I couldn't have been happier with the Academy Award for Best Picture this year. For the other categories? I suppose that Gary Oldman was deserving of one given the little bits that I have seen of his Churchill impersonation. It's about time, right? But I also kinda wanted Timothee Chalamet to get an Oscar for Call Me By Your Name. However, (and if I'm being completely honest) I think that in the end, Oldman getting the Oscar was the better choice. Timothee is so young...he needs to do more to earn such a prestigious award. And my feelings toward his Oscar snub may be tied up with the fact that I'm a biased person that was obviously taken with him and his movie. At least I can admit my biases. It's probably a good thing that I don't vote for Oscar-nominated films.

Oh and can I say that Gal Gadot and Tom Holland were the best dressed man and woman at the Academy Awards? I'll include pics of both of them below so you can see (in case you missed the Academy Awards). Spiderman knows how to rock a tuxedo. #justsayin

Friday, March 2, 2018

LOL the Lego Infinity War set just spoiled where the sixth and final infinity stone is and we were right all along.

Everyone on the internet that cared kinda/sorta believed that the last Infinity Stone, a.k.a., the Soul Stone, was going to be found in Wakanda (because the trailers for the movie are all lit up with a huge battle that takes place in Wakanda). But it wasn't ever said to be in Wakanda, and it didn't appear in Black Panther, as I discussed in an earlier post. And Lo and behold, it looks like it definitely is. Here's a picture of the Lego set in question, and I've circled the soul stone in blue paint so it's easy to spot contained in an alien drill which obviously removes it from the ground in Wakanda (that's why the ground is all cracked). 
So now the question is: how does all of this fit together? And for answering that question there are a hundred theories I've read. I'm going to single out one and just quote directly from friend, Tony Hale, who lives over in Oregon. Earlier this week I sent him a message on Facebook about all of this stuff, and he responded with this theory:
"There is a problem with the locations of all the Infinity Stones, and it's this: it puts most of the stones on Earth. I actually think that Odin had the Soul Stone (and all of the other stones) at one point. Hence, the fake gauntlet in his treasury room. I also think Thanos gave Loki the mind stone so that he could put two of the stones near one another, namely the Tesseract (space stone) with the Mind Stone. In the comics, the writers hint that the stones are drawn to each other, and I think that Thanos wanted to get them all into play. So, I think he knew the gauntlet in Odin's treasury was fake, just like Odin obviously knew in addition to one other person: Hela.
    "So let me put it all together for you. When Odin worked with Hela to subvert the universe, he was actually collecting the stones. Partway through collecting them, he realized they were too dangerous together. So he left the Aether (the Reality Stone) with the elves. Odin also left the Power Stone with the remains of the destroyed ancient aliens, until Starlord stumbled across it. The aliens were one of the races destroyed along the way by Hela and Odin. The Mind Stone was never recovered (Thanos starts with it in his "possession"), and I think that Odin had not yet discovered it when he ended his search. The Time Stone (of course) was on Earth, which Odin learned after becoming deified by the Norse men and women. In this aspect, I think that Odin gave the gift of the Soul Stone to the people of Earth, who had deified him. In the comics, Thanos has a love affair with Death, but I think the MCU is not going to go as metaphysical with this character. Instead, they will use their already existing representation of Death in Hela. Well, Hela knew about the fake gauntlet, and she obviously wants to rule the universe. So she found someone devoted to her, filled him with the idea of the Gauntlet, and sent him to get it for her. That's what I think is going on."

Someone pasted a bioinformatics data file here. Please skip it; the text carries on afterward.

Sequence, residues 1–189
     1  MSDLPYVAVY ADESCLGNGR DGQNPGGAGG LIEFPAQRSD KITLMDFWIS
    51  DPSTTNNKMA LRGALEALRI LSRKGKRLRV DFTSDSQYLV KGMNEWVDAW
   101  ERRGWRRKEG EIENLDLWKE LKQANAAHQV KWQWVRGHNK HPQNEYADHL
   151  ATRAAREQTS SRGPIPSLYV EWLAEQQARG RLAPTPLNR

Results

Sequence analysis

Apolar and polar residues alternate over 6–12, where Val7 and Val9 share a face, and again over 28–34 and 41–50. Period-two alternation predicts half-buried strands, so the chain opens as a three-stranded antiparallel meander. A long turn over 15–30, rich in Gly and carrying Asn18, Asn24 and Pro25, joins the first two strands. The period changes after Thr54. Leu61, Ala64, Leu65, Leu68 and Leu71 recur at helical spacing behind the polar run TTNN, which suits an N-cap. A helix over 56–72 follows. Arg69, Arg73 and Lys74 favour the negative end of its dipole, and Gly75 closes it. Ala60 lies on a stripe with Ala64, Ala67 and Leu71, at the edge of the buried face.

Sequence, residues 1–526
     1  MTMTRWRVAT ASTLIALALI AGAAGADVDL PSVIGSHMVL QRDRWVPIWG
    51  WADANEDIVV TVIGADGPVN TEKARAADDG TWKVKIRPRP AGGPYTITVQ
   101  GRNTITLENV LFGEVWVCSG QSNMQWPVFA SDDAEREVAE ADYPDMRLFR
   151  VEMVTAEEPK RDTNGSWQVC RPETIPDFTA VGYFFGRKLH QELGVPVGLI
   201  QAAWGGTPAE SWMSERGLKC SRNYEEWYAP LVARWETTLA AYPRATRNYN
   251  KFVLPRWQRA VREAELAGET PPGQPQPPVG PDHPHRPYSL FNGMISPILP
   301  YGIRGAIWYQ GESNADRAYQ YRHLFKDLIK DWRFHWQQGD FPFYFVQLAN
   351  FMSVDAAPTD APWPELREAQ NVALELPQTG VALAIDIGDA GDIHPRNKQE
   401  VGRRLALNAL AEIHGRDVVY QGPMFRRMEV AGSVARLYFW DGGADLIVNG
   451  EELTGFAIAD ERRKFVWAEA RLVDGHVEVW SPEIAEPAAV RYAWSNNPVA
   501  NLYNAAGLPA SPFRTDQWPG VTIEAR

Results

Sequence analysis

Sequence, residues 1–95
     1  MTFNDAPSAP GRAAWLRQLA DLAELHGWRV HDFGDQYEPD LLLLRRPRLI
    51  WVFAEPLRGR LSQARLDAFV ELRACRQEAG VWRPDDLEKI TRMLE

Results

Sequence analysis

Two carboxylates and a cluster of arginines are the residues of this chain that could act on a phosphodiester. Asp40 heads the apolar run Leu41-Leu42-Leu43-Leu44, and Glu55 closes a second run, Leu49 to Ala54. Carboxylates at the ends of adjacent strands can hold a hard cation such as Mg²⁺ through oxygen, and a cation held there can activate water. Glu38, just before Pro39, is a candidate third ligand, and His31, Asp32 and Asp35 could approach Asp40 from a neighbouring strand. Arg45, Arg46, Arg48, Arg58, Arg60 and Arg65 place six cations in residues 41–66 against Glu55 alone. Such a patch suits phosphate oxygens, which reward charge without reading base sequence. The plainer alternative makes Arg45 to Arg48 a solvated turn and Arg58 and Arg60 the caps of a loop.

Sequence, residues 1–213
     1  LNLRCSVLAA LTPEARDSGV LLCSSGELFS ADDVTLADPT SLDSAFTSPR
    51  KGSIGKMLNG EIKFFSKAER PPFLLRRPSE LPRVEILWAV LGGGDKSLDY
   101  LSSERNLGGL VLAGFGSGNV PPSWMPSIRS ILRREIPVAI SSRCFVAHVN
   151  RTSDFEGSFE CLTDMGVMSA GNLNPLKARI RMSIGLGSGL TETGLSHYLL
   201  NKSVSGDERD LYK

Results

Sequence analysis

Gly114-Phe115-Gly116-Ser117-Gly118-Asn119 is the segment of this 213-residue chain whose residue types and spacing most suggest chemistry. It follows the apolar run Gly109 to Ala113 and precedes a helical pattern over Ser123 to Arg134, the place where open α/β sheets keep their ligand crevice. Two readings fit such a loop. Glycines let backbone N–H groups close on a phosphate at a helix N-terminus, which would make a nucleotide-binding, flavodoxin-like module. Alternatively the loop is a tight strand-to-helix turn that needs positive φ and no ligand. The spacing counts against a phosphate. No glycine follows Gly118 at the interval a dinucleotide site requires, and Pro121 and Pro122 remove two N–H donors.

It's a nice theory, but it leaves me a little wanting, because I think there are enough clues in Black Panther that the heart-shaped herb does indeed derive its power from the Soul Stone. And the Lego box has a picture of the Soul Stone being drilled from the ground by something heavy enough to crack the surface. Then of course there's the huge fight in Wakanda, which are not Norse people, so they couldn't have been the recipient of the Soul Stone. So yeah...maybe Tony is overthinking this? Maybe the Soul Stone just happened to be in a meteor of vibranium and crashed into the Earth millions of years ago, and it has yet to be extracted. That may end up being the sole explanation of all these questions about vibranium's seemingly endless powers to do fantastical things.

However, Tony does make me think that Hela may (in fact) not be dead and could have survived Asgard's destruction at the hands of Surtr. Maybe she has a role to play in all this to come.

One last piece of information: for those of you that are excited for Avengers: Infinity War, the release date has been moved up a week to Friday, April 27th for a worldwide simultaneous release.